National Coming Out Day :: What It Is and Why It Matters
It was 25 years ago on October 11 that half a million people walked in the March on Washington a second time, fighting for lesbian and gay rights. On the anniversary of that day ever since, LGBT activists have celebrated National Coming Out Day to encourage acceptance and living an open life.
"It's just continued to grow as our understanding of the power of coming out has only increased the importance of acknowledging people who are living their out and open lives is still just as important as it was 25 years ago," said Candace Gingrich, the associate director for Youth and Campus Engagement at the Human Rights Campaign (HRC).
Gingrich is the half sister of former House Speaker Newt Gingrich and has been hugely involved in programming promoting living openly since 1995.
For the 25th anniversary, the HRC has themed the day "Coming Out Still Matters" and is also commemorating the anniversary of gay artist Keith Haring's iconic artwork of a cartoon character coming out of the closet. This has become the official logo for National Coming Out Day.
Over the years, many celebrities both gay and straight have gotten involved with National Coming Out Day - to name a few, in 1991 Geraldo Rivera hosted a television program with openly gay actors and politicians, Melissa Etheridge produced a radio PSA, a benefit CD was released in 2002 with the likes of K.D. Lang, Sarah McLachlan, Queen and more.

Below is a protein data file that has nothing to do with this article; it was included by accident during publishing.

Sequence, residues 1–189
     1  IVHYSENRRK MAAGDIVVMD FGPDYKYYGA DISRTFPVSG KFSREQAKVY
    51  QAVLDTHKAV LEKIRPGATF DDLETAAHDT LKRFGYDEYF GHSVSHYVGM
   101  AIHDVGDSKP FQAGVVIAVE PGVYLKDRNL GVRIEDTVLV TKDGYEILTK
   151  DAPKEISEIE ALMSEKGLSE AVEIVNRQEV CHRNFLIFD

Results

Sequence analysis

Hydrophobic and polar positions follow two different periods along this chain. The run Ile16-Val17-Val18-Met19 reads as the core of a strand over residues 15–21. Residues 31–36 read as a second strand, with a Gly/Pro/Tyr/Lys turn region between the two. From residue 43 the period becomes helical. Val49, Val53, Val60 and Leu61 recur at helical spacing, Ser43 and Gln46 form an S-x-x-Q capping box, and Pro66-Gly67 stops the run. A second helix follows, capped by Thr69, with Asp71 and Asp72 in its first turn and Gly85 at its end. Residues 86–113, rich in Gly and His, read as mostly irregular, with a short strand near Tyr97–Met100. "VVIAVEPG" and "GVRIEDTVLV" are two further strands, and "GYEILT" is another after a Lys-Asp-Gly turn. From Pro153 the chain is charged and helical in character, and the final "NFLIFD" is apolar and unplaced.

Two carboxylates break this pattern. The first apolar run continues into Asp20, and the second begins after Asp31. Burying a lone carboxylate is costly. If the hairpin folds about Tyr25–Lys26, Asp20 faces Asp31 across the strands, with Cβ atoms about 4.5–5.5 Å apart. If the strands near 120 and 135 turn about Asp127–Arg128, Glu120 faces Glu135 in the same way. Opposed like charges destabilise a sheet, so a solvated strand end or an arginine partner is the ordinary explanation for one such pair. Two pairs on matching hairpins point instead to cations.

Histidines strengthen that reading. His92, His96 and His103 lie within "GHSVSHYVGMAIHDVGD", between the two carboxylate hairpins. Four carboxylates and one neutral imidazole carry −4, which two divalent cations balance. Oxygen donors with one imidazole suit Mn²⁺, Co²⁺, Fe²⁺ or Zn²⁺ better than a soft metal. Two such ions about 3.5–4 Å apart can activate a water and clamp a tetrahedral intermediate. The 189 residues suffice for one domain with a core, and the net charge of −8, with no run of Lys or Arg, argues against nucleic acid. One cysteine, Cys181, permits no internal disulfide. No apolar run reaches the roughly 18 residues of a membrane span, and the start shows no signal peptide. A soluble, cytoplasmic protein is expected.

Not only is coming out an important moment for any LGBT person, but Gingrich stresses the role it plays for society moving forward. When people are out, "those gay people" become the faces of friends, family and coworkers.
"Your instinct is to fear the unknown, so if you're someone who doesn't know a gay person, a lesbian, a bisexual, a trans person, it's much easier for you to believe the stereotypes and the misconceptions and sometimes the lies that are told about queer people," she said. "Not only is it powerful for the individual to come out and be able to live their lives openly and be their authentic selves, but they're also educating the people around them."
For straight allies, National Coming Out Day is a day that they can let everyone know that they support their gay brothers and sisters. The HRC has a coming out guide for both gay people and allies.
Harvey Milk once said, "If a bullet should enter my brain, let that bullet destroy every closet door."
The gay rights activist, who was killed in 1978, lived an openly gay life and his legacy and that of those who marched 25 years ago lives on, encouraging LGBT people youth and old to be their true selves - even when there are risks.
"Here's this guy who totally knew that coming out had risks but acknowledged that it was still such a powerful thing to do that it was worth that risk," Gingrich said. "The more people who are living out and open lives, the more understanding, the more acceptance, the more respect that those LGBT people are going to have."